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In Ethiopia, 20,000 women die each year from complications related to pregnancy, childbirth and post-partum. For every woman that dies, 20 more experience injury, infection, disease, or disability. “Maternal near miss” (MNM), defined by the World Health Organization (WHO) as a woman who nearly dies, but survives a complication during pregnancy, childbirth or within 42 days of a termination, is a proxy indicator of maternal mortality and quality of obstetric care. In Ethiopia, few studies have examined MNM. This study aims to identify determinants of MNM among a small population of women in Tigray, Ethiopia.
Unmatched case-control study was conducted in hospitals in Tigray Region, Northern Ethiopia, from January 30-March 30, 2016. The sample included 103 cases and 205 controls recruited from among women seeking obstetric care at six (6) public hospitals. Clients with life-threatening obstetric complications, including hemorrhage, hypertensive diseases of pregnancy, dystocia, infection, and anemia or clinical signs of severe anemia (in women without hemorrhage) were taken as cases and those with normal obstetric outcomes were controls. Cases were selected based on proportion to size allocation while systematic sampling was employed for controls. Binary and multiple variable logistic regression (“odds ratio”) analyses were calculated at 95% CI.
Roughly 90% of cases and controls were married and 25% experienced their first pregnancy before the age of 16 years. About two-thirds of controls and 45.6% of cases had gestational ages between 37–41 weeks. Among cases, severe obstetric hemorrhage (44.7%), hypertensive disorders (38.8%), dystocia (17.5%), sepsis (9.7%) and severe anemia (2.9%) were leading causes of MNM. Histories of chronic maternal medical problems like hypertension, diabetes were reported in 55.3% of cases and 33.2% of controls. Women with no formal education [AOR = 3.2;95%CI:1.24, 8.12], being less than 16 years of age at first pregnancy [AOR = 2.5;95%CI:1.12,5.63], induced labor[AOR = 3.0; 95%CI:1.44, 6.17], history of cesarean section[AOR = 4.6; 95% CI: 1.98, 7.61] or chronic medical disorder[AOR = 3.5;95%CI:1.78, 6.93], and women who traveled more than 60 minutes before reaching their final place of care[AOR = 2.8;95% CI: 1.19,6.35] had higher odds of experiencing MNM.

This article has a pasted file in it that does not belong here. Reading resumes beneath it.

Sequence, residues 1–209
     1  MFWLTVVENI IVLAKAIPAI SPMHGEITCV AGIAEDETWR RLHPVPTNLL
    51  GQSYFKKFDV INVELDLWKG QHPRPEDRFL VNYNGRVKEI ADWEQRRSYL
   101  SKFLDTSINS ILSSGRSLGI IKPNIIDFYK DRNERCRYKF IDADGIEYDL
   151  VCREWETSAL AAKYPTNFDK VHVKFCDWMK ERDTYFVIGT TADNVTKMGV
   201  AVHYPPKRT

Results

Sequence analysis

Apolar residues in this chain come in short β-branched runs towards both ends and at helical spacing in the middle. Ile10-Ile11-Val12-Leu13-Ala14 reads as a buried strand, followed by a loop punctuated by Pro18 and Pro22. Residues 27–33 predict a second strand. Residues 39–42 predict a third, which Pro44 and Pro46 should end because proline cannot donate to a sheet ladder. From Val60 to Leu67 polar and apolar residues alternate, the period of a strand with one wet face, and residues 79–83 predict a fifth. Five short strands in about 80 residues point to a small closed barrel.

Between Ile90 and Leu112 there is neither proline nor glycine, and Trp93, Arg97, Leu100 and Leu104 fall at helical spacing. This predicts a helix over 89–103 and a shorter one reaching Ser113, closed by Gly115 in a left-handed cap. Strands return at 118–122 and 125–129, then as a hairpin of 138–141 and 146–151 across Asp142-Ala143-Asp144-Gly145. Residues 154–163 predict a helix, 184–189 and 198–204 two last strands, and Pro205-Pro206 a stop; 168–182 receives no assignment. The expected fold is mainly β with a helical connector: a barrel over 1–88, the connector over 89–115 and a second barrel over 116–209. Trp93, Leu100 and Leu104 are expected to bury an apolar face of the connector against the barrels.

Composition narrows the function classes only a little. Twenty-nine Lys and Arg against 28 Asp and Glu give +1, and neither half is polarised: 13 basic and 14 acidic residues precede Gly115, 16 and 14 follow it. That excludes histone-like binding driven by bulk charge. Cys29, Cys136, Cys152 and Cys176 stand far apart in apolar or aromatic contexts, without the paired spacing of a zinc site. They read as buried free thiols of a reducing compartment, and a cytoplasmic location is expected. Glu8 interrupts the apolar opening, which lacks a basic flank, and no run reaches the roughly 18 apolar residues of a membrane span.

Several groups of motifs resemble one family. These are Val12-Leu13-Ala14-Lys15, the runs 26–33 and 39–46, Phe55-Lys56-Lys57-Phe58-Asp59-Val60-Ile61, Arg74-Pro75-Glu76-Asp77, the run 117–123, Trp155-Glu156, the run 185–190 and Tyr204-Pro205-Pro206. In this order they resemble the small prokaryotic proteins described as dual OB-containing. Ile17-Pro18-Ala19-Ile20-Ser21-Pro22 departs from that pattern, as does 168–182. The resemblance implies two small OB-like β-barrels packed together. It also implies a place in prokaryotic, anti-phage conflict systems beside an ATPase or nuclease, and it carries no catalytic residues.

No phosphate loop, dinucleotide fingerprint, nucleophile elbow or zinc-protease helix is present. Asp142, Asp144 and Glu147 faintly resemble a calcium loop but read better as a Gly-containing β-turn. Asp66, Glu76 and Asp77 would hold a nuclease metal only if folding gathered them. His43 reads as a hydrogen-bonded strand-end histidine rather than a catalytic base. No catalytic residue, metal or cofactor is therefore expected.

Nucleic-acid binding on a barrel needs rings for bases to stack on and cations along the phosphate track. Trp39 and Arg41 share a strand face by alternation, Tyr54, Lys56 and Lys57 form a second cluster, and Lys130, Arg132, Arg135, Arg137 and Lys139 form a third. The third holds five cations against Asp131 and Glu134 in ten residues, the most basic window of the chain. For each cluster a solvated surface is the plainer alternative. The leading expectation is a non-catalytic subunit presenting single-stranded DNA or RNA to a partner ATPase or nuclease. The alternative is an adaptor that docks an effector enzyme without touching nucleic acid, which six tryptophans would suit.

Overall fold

Macro-developments like increasing road and health facility access as well as expanding education will all help reduce MNM. Work should be continued to educate women and providers about common predictors of MNM like history of C-section and chronic illness as well as teenage pregnancy. These efforts should be carried out at the facility, community, and individual levels. Targeted follow-up with women with history of chronic disease and C-section could also help reduce MNM.
At the conclusion of the Millennium Development Goals (MDG) era, maternal mortality had declined by 45%, an impressive reduction, but well short of the 75% reduction targeted by the global community. Today, approximately 830 women die daily from pregnancy or childbirth globally. Almost all of these deaths occur in low-resource settings and most could be prevented. Among developing regions, Sub-Saharan Africa (SSA) has the highest maternal mortality ratio (MMR) at 640 per 100,000 live births[1, 2]. Women in SSA have a 1 in 39 lifetime risk of dying in childbirth compared to 1 in 3,800 women in industrialized countries. For every woman who dies of pregnancy complications, about 20 more–roughly 7 million women annually—experience injury, infection, disease, or disability.
With the global community seeking to reduce MMR to less than 70 per 100,000 live births by 2030 as part of the Sustainable Development Goals, much work remains.
The World Health Organization (WHO) defines maternal near miss (MNM) as a woman who nearly dies, but survives a complication occurring during pregnancy, childbirth, or within 42 days of termination of pregnancy. MNM’s harmful consequences are numerous, including separating mothers and newborns, interfering with bonding, lengthy hospital stays and healthcare costs, and emotional distress. MNM is increasingly used as an indicator of the quality of obstetric care and clinical practice [2, 6, 7].